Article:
|author||Stephen Hemminger <firstname.lastname@example.org>||2007-07-07 23:03:44 -0700|
|committer||David S. Miller <email@example.com>||2007-07-10 22:18:47 -0700|
|parent||[NET]: netdevice locking assumptions documentation (diff)|
[NET]: netdevice mtu assumptions documentation
Document the expectations about device MTU handling. The documentation about oversize packet handling is probably too loose. IMHO devices should drop oversize packets for robustness, but many devices allow it now. For example, if you set mtu to 1200 bytes, most ether devices will allow a 1500 byte frame in. Signed-off-by: Stephen Hemminger <firstname.lastname@example.org> Signed-off-by: David S. Miller <email@example.com>
Diffstat (limited to '')
1 files changed, 25 insertions, 0 deletions
diff --git a/Documentation/networking/netdevices.txt b/Documentation/networking/netdevices.txt
index a6cab674b676..37869295fc70 100644
@@ -20,6 +20,31 @@ private data which gets freed when the network device is freed. If
separately allocated data is attached to the network device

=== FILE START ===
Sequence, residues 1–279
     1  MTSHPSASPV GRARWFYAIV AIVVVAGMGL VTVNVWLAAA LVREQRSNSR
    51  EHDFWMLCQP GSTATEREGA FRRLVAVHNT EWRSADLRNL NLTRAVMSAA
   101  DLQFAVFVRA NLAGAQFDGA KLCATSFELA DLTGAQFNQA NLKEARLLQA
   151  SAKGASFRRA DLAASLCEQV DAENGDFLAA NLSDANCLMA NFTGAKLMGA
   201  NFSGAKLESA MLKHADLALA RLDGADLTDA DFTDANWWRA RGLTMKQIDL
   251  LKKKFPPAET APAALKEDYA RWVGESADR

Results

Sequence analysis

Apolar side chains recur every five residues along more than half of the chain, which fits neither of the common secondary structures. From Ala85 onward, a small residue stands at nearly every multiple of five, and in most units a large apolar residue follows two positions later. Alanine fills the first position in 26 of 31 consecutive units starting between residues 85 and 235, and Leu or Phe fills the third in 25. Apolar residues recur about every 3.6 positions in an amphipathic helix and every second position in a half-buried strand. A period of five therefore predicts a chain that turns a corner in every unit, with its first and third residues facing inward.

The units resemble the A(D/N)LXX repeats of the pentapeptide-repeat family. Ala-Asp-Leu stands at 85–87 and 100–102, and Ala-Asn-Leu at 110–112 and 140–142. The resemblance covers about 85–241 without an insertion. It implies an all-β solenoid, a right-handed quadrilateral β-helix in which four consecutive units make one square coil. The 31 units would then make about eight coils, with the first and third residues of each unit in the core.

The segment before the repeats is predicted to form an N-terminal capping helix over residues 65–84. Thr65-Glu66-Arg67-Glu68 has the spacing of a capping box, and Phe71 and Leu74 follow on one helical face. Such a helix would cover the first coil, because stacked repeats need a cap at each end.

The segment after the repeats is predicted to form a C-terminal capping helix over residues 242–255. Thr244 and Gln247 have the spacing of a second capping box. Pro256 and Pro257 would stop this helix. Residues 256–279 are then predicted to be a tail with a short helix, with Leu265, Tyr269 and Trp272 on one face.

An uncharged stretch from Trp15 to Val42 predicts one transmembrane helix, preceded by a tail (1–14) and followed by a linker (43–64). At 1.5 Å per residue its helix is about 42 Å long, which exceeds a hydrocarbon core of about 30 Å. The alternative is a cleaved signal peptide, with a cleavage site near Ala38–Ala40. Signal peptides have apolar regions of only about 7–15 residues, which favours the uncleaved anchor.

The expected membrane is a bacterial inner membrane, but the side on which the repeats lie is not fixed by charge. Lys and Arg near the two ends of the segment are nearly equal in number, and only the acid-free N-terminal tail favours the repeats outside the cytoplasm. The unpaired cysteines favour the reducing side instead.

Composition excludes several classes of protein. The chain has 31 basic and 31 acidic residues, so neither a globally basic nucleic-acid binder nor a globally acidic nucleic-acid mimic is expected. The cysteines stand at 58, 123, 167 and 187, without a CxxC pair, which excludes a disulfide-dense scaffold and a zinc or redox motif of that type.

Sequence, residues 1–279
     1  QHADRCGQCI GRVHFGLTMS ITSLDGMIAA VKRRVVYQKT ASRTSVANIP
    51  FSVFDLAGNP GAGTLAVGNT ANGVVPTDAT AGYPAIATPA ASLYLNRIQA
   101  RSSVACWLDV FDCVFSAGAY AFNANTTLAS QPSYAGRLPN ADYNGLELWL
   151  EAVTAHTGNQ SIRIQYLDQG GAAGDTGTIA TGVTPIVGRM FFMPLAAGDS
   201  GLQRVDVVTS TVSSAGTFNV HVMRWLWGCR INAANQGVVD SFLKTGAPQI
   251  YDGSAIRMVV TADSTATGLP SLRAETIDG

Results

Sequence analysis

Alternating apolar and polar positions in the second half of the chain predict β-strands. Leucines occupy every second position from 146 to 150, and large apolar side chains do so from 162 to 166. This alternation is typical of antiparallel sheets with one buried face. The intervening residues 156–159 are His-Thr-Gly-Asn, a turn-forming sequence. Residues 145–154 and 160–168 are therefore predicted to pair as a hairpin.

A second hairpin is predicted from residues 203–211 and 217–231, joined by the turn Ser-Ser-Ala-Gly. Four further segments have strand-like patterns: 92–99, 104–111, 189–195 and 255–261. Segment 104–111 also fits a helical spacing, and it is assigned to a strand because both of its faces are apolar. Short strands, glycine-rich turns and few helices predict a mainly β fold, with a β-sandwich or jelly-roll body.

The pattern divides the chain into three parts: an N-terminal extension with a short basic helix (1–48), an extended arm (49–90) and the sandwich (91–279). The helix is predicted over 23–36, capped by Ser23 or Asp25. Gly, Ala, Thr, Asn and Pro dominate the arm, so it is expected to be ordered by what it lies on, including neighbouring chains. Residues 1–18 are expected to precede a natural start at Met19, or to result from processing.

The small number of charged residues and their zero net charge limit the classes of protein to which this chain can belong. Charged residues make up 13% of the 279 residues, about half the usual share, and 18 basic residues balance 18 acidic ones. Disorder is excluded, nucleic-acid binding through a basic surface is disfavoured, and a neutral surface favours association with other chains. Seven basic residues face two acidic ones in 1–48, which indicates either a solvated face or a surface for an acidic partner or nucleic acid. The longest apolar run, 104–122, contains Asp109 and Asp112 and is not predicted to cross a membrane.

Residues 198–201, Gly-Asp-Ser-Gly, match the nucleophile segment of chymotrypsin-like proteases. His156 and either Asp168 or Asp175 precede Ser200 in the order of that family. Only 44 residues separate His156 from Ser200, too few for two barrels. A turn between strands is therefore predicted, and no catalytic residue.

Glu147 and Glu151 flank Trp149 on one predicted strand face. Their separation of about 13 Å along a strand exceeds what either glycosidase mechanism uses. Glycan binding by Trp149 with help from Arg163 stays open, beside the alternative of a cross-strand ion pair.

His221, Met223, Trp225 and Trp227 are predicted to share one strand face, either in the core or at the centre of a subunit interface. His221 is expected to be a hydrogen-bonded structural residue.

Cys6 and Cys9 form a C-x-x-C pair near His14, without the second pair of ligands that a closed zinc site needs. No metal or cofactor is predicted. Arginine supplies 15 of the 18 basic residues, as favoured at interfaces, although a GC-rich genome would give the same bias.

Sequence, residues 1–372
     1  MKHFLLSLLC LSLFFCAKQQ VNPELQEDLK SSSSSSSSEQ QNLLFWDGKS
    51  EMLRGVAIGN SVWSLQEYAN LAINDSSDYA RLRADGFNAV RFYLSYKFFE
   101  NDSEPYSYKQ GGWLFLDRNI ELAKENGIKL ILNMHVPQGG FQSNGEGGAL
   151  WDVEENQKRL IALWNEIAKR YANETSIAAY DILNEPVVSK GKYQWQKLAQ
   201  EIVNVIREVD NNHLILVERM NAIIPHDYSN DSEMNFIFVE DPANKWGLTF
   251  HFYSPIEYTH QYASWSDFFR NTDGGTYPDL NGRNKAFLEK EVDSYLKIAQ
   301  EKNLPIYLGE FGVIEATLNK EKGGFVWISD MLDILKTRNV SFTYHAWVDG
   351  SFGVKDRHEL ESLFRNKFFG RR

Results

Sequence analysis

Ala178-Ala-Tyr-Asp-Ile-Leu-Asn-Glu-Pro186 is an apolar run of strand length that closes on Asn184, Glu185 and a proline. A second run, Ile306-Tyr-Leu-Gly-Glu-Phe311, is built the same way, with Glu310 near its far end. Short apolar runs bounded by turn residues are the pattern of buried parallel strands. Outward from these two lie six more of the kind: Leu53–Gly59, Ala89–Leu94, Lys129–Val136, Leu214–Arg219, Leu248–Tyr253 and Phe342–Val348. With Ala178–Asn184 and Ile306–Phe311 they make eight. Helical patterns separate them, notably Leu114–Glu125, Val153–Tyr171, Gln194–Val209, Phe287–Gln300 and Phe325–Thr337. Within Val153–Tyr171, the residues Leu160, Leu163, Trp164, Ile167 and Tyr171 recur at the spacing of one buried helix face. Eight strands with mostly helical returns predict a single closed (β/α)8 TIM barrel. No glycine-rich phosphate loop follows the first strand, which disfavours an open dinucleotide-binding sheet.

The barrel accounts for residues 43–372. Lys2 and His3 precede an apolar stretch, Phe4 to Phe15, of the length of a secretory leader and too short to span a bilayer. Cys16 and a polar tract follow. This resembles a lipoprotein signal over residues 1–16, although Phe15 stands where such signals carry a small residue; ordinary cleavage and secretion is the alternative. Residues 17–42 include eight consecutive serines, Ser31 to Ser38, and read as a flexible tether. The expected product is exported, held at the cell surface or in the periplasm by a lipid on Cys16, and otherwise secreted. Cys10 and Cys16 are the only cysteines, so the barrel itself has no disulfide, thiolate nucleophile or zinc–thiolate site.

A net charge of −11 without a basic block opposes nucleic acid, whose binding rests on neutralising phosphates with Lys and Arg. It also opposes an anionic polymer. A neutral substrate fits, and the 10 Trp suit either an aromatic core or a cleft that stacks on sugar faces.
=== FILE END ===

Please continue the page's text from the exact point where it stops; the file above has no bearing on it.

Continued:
(dev->priv) then it is up to the module exit handler to free that.
+Each network device has a Maximum Transfer Unit. The MTU does not
+include any link layer protocol overhead. Upper layer protocols must
+not pass a socket buffer (skb) to a device to transmit with more data
+than the mtu. The MTU does not include link layer header overhead, so
+for example on Ethernet if the standard MTU is 1500 bytes used, the
+actual skb will contain up to 1514 bytes because of the Ethernet
+header. Devices should allow for the 4 byte VLAN header as well.
+Segmentation Offload (GSO, TSO) is an exception to this rule. The
+upper layer protocol may pass a large socket buffer to the device
+transmit routine, and the device will break that up into separate
+packets based on the current MTU.
+MTU is symmetrical and applies both to receive and transmit. A device
+must be able to receive at least the maximum size packet allowed by
+the MTU. A network device may use the MTU as mechanism to size receive
+buffers, but the device should allow packets with VLAN header. With
+standard Ethernet mtu of 1500 bytes, the device should allow up to
+1518 byte packets (1500 + 14 header + 4 tag). The device may either:
+drop, truncate, or pass up oversize packets, but dropping oversize
+packets is preferred.
struct net_device synchronization rules